|Traditional Archery in Scotland|
Now that doesn't mean they can't learn how to shoot instinctively.
And it doesn't mean I cannot set them on the right path to learn how to shoot instinctively.
Which is what I am going to do right now, in this post, is set you on the right path towards becoming an instinctive archer - assuming that is your goal.
But first lets explain the four different types of shooting a person can do.
#1. Traditional Shooting
You aim off the tip of the arrow, learn through experience, trial and error, and determine where your arrows will go. Your goal is to develop tight clusters of arrows and then adjust your aim so that your clusters are lined up with the target.
Learning to shoot traditionally takes time and practice as you have to learn through experience. However traditional shooting is argued to be better because when shooting at targets at different ranges the experienced traditional archer can gauge the distance to the target with their eyes and knows from their experience where to aim.
With traditional shooting your eye should be looking at both the tip of the arrow / the adjusted target, and the center of the target at the same time. This is tricky to learn how to do because it requires teaching your shooting eye to multitask.
The traditional archer also pays attention to wind conditions, obstacles, can adjust their footing to unfamiliar terrain, adjust for a moving target (when hunting), and can shoot despite bad weather conditions based on their previous experience of shooting in such conditions.
Gadget shooting is typically used with olympic archery bows and compound bows. You aim through a gadget located above the arrow rest. In the case of compound bows you also use a peep sight to line up the peep with the primary sight.
With gadget shooting your eye is simply lining up the sights with the target. It is brainlessly easy.
Where gadget shooting fails however is that it is overly reliant on the accuracy of the gadget. The archer becomes too dependent on never changing their form, on the wind/weather conditions they are used to, and they will be completely confused as to how to aim if their sight is ever broken or lost. A person can get really good accuracy with a gadget, but they're so reliant on it that they don't know how to shoot without it.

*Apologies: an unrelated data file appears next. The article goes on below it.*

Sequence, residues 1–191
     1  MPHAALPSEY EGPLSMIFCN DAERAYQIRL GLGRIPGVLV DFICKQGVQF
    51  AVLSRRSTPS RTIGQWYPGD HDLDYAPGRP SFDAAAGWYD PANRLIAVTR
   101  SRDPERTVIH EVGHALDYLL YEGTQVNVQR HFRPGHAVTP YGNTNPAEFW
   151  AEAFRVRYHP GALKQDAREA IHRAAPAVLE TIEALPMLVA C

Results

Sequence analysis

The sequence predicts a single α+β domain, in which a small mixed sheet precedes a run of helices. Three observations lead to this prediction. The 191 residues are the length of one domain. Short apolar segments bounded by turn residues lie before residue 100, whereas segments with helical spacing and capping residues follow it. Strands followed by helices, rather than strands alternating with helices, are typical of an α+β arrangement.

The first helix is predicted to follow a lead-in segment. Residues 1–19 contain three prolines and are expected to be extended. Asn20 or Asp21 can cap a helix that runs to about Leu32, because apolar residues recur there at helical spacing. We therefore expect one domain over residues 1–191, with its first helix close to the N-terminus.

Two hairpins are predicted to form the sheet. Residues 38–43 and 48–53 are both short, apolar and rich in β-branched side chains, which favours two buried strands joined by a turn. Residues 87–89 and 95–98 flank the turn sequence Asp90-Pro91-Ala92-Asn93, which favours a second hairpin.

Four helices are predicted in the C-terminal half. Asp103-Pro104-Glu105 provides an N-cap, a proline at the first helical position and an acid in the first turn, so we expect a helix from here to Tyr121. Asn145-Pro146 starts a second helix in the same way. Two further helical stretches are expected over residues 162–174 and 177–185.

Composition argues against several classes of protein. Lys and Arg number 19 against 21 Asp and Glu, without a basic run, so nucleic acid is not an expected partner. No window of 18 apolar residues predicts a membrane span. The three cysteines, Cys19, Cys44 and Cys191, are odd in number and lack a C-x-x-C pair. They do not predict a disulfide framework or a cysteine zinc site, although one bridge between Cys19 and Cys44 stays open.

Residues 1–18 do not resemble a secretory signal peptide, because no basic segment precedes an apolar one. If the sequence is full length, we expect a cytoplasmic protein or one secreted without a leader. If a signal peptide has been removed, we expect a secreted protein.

With zen archery you aren't so much aiming as you are meditating and trying to achieve a zenshin moment. Zenshin is a moment in time wherein "you know" you will hit the target. If you've ever played basketball or golf you've probably experienced such moments where everything just seems to go perfectly. The method of aiming is not so much as important as your mental state while shooting.
Zen archery in Japan is traditionally done with a Japanese yumi bow. However zen archery in general can be done with any kind of bow because it is not the equipment or the stance or the way you aim. It is your mental focus.
In a way Zen Shooting is similar to Instinctive Shooting because it isn't really something you can teach. It is something a person has to experience and then once they have experienced it they must then pursue it as a mental discipline. Nobody can teach you mental discipline - but you can be set on the right path so that you can learn it through self-purification, learning to both control and unleash your mind, and improving your mental skills so that you can attain zenshin more easily.
#4. Instinctive Shooting
Learning to shoot instinctively ends up being a bit like both traditional shooting and zen shooting. Except you aren't looking at the tip of the arrow - instead you are ignoring the arrow and looking straight at the target. The idea in instinctive shooting is to advance beyond traditional shooting wherein you are adjusting your aim and instead start shooting without even thinking about it. You just look at the target, pull back the bow-string, and release. In theory you are relying on experience, but instinctive shooting is supposed to be more than that. It is supposed to be about reaching a point of experience wherein you don't even think about it any more.
This is why instinctive shooting is considered to be a desired skill for experienced archers - to shoot without thinking, to hit targets at different ranges without really gauging the target because your mind just does it instinctively.
The problem is you can't teach instinct.
But I can attempt to set you on the right path so that you can eventually teach yourself how to shoot instinctively.
TIPS ON INSTINCTIVE SHOOTING
#1. Constant Practice - Practice archery 3 to 5 times per week, shooting for several hours each day. Aim to shoot for 6 to 10 hours per week.
#2. Use the same bow and the same equipment whenever you practice - Make your bow and your arrows like extensions of your own body through constant use.
#3. During a shooting session start off by shooting large numbers of arrows in the early stage of the session and slowly reduce the number of arrows you shoot each round so that by the end of the session you are shooting 3 arrows per round.
#4. Take your time in-between each shot. I cannot stress this enough. TAKE YOUR TIME!
#5. Stare at the target constantly, even when not shooting.
#6. Don't aim off the tip of the arrow. Just stare at the target itself, narrow it down to a specific spot, and then shoot.
#7. Ignore distractions and things that interfere with your shot. Ignore trees, twigs, wind, rocks. Just stare at the target.
#8. Experiment with different ranges, different size targets, moving targets, shooting in different weather conditions. Constantly challenge yourself to shoot in adverse and difficult conditions.